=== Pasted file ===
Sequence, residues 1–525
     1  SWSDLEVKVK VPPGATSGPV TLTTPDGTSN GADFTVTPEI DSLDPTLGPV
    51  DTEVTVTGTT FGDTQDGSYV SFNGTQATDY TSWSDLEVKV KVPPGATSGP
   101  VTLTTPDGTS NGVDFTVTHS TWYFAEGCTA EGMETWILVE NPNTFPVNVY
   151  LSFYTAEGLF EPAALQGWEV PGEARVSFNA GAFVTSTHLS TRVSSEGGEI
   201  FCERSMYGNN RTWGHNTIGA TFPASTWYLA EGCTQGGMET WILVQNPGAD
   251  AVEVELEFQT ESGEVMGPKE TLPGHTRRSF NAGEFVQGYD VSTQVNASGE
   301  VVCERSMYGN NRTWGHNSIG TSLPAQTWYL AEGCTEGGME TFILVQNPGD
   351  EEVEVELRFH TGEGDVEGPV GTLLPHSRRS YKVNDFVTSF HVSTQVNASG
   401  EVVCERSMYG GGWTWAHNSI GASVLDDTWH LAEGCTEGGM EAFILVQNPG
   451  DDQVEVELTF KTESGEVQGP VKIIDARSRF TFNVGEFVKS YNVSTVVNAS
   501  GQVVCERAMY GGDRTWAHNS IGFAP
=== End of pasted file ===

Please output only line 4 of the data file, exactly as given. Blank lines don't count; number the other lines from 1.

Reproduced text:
   101  VTLTTPDGTS NGVDFTVTHS TWYFAEGCTA EGMETWILVE NPNTFPVNVY